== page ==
3 14-4 What is a cognitive impairment? Cognitive impairment is a broad term to describe a wide variety of impaired brain function relating to the ability of a person to think, concentrate, reaction to emotions, formulate ideas, problem solve, reason and remember. It is distinct from a learning disability insofar as it may have been acquired later in life as a result of an accident or illness. B. Obtaining instructions 14-5 Advice on obtaining instructions The main issue for you, as the duty lawyer, is to obtain the defendant s instructions. If you can obtain coherent and rational instructions, you should act on them. However, you need to be cautious and alert before accepting instructions. If you have any doubt about the defendant s fitness to plead, do not enter any plea; instead, seek an adjournment to enable the defendant to seek more extensive legal advice. Although you may have doubts about the defendant s fitness to plead, you may still act to obtain a remand or apply for bail. If you cannot obtain coherent or rational instructions, this means no solicitor client relationship has been established. You then have a duty to inform the court that you cannot obtain instructions due to concerns about the defendant s fitness for trial or to plead. This will alert the court and enable it to take appropriate steps to determine the defendant s fitness. In this situation, the court could consider a court-ordered assessment (as discussed in 14-15). Your duty lawyer obligations are the same whether you believe the defendant has a mental illness, intellectual disability or cognitive impairment Considerations when assessing defendants capacity to provide instructions Common symptoms and characteristics of mental illness or intellectual disability or cognitive impairment, which may alert you to the possibility that your client may have a mental illness or intellectual disability or cognitive impairment, include: avoidance of eye contact difficulty understanding the motivation, perspectives or feelings of others difficulty coping with changes decreased ability to learn new skills coordination problems. When assessing the defendant s fitness to plead, you should consider whether or not the defendant can: read write manage money tell the time cook communicate clearly with other people, and look after their personal care. Can the defendant recall significant things about: themselves (e.g. birthday) where they live, and what you have said to them? Has the defendant: attended a special school or a class within a mainstream school Chapter 14 Mental health and capacity 206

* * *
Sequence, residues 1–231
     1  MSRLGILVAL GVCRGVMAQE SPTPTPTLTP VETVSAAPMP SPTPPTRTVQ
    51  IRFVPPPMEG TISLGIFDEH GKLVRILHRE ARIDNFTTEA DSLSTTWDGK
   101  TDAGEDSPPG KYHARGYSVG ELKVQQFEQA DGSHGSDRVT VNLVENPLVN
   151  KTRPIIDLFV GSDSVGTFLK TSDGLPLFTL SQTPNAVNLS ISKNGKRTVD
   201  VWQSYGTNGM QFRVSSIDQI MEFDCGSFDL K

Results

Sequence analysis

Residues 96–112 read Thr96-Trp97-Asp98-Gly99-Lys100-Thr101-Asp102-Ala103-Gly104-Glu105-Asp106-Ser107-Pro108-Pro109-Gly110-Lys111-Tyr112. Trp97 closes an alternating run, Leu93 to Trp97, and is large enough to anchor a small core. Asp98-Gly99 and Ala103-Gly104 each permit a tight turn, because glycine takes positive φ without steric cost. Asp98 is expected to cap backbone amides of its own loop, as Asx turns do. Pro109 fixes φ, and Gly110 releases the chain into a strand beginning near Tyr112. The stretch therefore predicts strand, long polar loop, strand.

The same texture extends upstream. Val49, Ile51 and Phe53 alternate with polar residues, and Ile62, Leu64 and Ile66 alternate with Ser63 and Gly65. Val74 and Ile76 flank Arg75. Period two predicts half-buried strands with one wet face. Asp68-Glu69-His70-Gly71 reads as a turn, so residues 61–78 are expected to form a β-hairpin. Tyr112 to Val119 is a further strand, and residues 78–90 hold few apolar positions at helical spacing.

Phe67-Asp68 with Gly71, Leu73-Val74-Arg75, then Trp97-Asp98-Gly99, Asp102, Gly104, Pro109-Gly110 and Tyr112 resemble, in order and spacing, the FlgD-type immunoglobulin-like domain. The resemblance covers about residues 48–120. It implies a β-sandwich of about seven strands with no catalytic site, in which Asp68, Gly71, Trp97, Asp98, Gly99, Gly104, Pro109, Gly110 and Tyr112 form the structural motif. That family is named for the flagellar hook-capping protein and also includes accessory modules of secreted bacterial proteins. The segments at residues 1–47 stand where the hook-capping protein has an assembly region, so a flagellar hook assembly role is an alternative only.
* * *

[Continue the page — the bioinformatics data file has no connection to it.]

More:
4 attended court with a carer lived in an institution or mental health unit/intellectual disability service? Has an Adult Guardian been appointed under the Guardianship and Administration Act 2000 (Qld)? If the client is subject to an order under the Guardian and Administration Act making the Office of the Adult Guardian decision maker for his/her legal affairs you should take steps to ensure the Office of the Adult Guardian is informed about the defendant s attendance before the court. It is unethical to proceed to deal with a person the subject of such and order without making every reasonable effort to gain the involvement of the guardian. The guardian may provide instructions about how the case is to proceed, which you are bound to follow, even if they conflict with the client s instructions and your own view. Has the defendant been subject to an Involuntary Treatment Order? If the client is subject to an involuntary treatment order or forensic order under Chapter Seven, Part Two of the MHA, the case cannot proceed until certain measures have been formally undertaken pursuant to the MHA (refer to Chapter Seven, Part Two MHA). However, you can apply for bail for the client Applying the Presser test If you suspect your client is mentally impaired and you have ascertained that he/she is not subject to a guardianship order or an Involuntary Treatment Order, you must determine if the client s impairment restricts your capacity to take instructions. Ask the client simple, non-leading questions to determine if he/she appreciates the circumstances which led to the charge. The guide to determining a person s level of capacity is the test established in R v Presser [1958] VR 45. You will need to take the client through each of the criteria outlined in that case and satisfy yourself that the client satisfies each criterion before moving on to the next. You will need to do this by asking the defendant simple, nonleading questions and giving him/her time to explain their position. The Presser criteria are: 1. Ability to understand the charge this involves a basic understanding of the essential facts of the charge and the elements of the offence. 2. Ability to plead to the charge and to exercise the right of challenge the client must understand that a plea of guilty is an acceptance that the essential facts and elements of the offence are established. 3. An understanding of the nature of the proceedings, namely, that it is an inquiry as to whether he/she committed the offence charged the client must understand that he/she is involved in a formal process inquiring into his/ her responsibility for the matter alleged and be aware of the potential consequences of that process. 4. Ability to follow the course of proceedings so as to understand what is happening in court in a general sense, though not necessarily understand the purpose of all the various court formalities this involves following the proceedings and understanding the roles of the various participants. 5. Ability to understand the substantial effect of the evidence that may be given the client must have an awareness of the implications of the prosecution evidence. 6. Ability to make a defence or answer to the charge the client must be able to give the court a basic version of the facts as he/she claims them to be, if necessary through his/her lawyer, by entering the witnesses box and responding to questions in evidence-in-chief and cross-examination. 1 Fitness for trial is further defined by the MHA to include the ability to endure a trial without serious adverse consequences to the defendant s mental condition becoming likely. If the defendant is likely to become unfit at some point in the trial due to his/her impairment, then he/she is considered to be unfit. 1 See Briggs,J. Ethical considerations for duty lawyers representing mentally impaired persons, presentation to Legal Aid Queensland Duty Lawyer Training, March 2011, for a more detailed discussion of the way to take defendants through the Presser criteria. Chapter 14 Mental health and capacity 207